We all know Brown v Board of Education. In 1954, the Supreme Court case ruled unanimously that racial segregation in schools was unconstitutional. This ruling paved the way for the 1964 Civil Rights Act. Equal access to education nationwide solidified. Despite the order, the Civil Rights Act, and nearly six decades passing, segregation in schools still exists today.
It is illegal to force students to attend a particular school based on the color of their skin. Still, the U.S. has structurally racist systems that have created neighborhoods with complex and invisible barriers to access. Limited access to opportunity and income for Black and Brown families combine to keep kids of these families in schools that are underfunded and often racially segregated.
There are segregated schools throughout the country. More than half of all students in the U.S. today attend school districts with high racial concentrations, with above 75% of the student body all of the same race. About 40% of Black students attend schools where 90-100% of students are either Black or people of color. Since the 1950s, only 24% of schools have gotten away from these extremes and have a diverse student body.
The schools that students attend and their fellow students’ demographics directly affect cognitive ability. Prior research has shown that schooling differences for Black students compared to White students are associated with worse cognitive aging for Black individuals. These studies mainly looked at dementia rates and race; they didn’t address whether race and school segregation affected cognitive decline.
Rachel Peterson and colleagues wanted to know if the age when students changed from a segregated school to an integrated school was associated with cognitive abilities later in life. They looked at 699 Black individuals ages 50 and older who transitioned to an integrated school between first and twelfth grade. They compared the cognitive function of these individuals against people who only attended segregated schools. They looked at three measures: semantic memory (recall, retention, and use of factual information), executive function (ability to control behavior), and verbal episodic memory (personal memories situated in time and space).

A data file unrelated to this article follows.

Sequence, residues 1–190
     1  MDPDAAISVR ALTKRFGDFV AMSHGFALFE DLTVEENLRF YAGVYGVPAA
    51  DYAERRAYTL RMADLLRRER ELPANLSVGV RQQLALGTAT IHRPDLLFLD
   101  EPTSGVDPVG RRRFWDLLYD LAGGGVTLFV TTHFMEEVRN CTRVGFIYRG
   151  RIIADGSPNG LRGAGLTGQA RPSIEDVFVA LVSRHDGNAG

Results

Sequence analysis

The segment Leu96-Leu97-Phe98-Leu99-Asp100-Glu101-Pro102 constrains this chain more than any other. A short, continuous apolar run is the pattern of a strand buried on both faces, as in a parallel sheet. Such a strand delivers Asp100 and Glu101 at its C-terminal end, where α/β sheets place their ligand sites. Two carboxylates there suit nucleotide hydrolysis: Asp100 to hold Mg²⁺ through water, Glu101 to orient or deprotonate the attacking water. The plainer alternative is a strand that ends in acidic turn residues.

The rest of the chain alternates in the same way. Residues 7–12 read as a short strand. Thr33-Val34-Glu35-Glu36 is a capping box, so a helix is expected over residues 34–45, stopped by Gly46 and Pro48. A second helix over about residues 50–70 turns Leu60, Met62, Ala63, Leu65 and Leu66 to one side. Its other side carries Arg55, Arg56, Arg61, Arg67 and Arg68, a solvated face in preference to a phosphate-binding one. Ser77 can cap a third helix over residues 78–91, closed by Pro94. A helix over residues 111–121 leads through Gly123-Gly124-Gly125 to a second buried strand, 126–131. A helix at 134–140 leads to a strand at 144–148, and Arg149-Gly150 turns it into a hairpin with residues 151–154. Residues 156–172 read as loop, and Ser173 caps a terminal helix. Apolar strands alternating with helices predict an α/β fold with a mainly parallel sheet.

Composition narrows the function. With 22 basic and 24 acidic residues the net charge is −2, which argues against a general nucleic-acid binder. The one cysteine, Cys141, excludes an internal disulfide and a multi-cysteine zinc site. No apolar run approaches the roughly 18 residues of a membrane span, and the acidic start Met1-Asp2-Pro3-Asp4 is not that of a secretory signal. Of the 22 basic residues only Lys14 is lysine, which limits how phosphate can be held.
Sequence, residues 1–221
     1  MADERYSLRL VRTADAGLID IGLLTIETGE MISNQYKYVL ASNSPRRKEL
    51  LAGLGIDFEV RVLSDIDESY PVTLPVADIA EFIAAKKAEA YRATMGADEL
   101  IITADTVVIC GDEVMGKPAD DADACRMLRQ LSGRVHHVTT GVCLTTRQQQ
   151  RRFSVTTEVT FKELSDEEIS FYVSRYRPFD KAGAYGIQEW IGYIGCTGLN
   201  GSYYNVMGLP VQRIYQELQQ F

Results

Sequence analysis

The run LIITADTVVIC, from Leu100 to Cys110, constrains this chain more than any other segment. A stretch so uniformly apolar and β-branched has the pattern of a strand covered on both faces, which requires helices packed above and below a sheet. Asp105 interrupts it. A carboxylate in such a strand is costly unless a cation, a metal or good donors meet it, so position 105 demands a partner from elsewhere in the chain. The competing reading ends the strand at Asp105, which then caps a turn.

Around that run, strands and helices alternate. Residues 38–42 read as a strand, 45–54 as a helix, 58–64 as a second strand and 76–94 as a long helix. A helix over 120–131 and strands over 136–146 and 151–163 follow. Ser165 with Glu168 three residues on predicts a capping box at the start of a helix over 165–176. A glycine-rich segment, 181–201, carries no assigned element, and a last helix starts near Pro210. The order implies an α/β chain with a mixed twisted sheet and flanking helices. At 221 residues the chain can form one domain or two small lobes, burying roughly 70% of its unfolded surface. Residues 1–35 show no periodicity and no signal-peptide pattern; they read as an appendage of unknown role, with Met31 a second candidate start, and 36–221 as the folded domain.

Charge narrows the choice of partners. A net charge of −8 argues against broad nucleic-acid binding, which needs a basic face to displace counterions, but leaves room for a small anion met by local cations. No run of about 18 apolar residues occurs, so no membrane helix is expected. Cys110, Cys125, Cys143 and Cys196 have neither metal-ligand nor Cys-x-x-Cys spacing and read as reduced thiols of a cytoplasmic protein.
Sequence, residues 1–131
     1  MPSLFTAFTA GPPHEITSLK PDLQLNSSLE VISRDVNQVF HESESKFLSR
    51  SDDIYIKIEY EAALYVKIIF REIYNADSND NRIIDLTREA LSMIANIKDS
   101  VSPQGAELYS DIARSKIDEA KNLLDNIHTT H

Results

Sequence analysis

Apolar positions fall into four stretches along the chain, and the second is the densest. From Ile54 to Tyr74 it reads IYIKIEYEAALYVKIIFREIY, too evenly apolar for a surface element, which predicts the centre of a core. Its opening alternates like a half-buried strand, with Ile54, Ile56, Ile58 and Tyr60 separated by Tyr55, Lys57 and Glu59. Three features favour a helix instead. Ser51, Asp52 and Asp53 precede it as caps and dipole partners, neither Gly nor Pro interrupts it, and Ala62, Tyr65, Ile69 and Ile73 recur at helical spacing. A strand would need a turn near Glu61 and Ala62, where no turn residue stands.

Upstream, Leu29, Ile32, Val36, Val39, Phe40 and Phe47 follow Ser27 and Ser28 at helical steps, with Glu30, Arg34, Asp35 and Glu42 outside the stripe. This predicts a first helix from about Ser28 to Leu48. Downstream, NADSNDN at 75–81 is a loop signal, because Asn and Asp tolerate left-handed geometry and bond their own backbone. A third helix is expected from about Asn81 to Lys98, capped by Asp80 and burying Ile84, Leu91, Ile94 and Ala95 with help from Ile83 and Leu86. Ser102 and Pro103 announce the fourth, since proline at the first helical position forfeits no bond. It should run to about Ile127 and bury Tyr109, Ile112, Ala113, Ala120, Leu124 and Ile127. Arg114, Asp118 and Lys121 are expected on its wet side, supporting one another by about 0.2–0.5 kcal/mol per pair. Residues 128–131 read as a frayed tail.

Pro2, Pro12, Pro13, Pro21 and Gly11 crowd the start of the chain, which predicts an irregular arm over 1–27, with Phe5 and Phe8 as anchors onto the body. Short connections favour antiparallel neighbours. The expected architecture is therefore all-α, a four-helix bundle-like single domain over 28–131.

The researchers found that attending only segregated schools, attending segregated schools until sixth grade, or attending segregated schools from sixth through twelfth grade could be associated with late-life cognitive decline.
The researchers found that attending only segregated schools, attending segregated schools until sixth grade, or attending segregated schools from sixth through twelfth grade could be associated with late-life cognitive decline. Participants who only attended integrated schools showed significantly better semantic memory than participants who only attended segregated schools. Further, students who transitioned between first and sixth grade from a majority Black segregated school to an integrated school had better executive functioning and semantic memory. Lastly, the researchers found no significant difference in cognitive abilities between participants who transitioned after sixth grade and those who only attended segregated schools. Students who remain in school longer have been shown in other works to have lower rates of dementia and other cognitive diseases as older adults. Longer schooling at integrated schools leads to better cognitive aging.
Peterson and colleagues note that students experience psychosocial stress by going through the integration process, being bullied, having only White teachers, and entering a possibly hostile classroom environment. This is especially true for students from the 1950s-1970s. Students of color transitioning to more diverse schools should have less of a psychological toll on the students today when the faculty and staff are more diverse, but that remains to be seen.
A generation ago, even spending a brief time in integrated schools at a young age was associated with better cognitive aging. Today, schools have been integrated by law for 70 years. But academic segregation remains despite the numerous benefits of integrating schools, especially at the elementary and middle school levels. Not only would integration reduce racial achievement gaps, but it would result in better cognitive aging over a lifetime.
Photo via Getty Images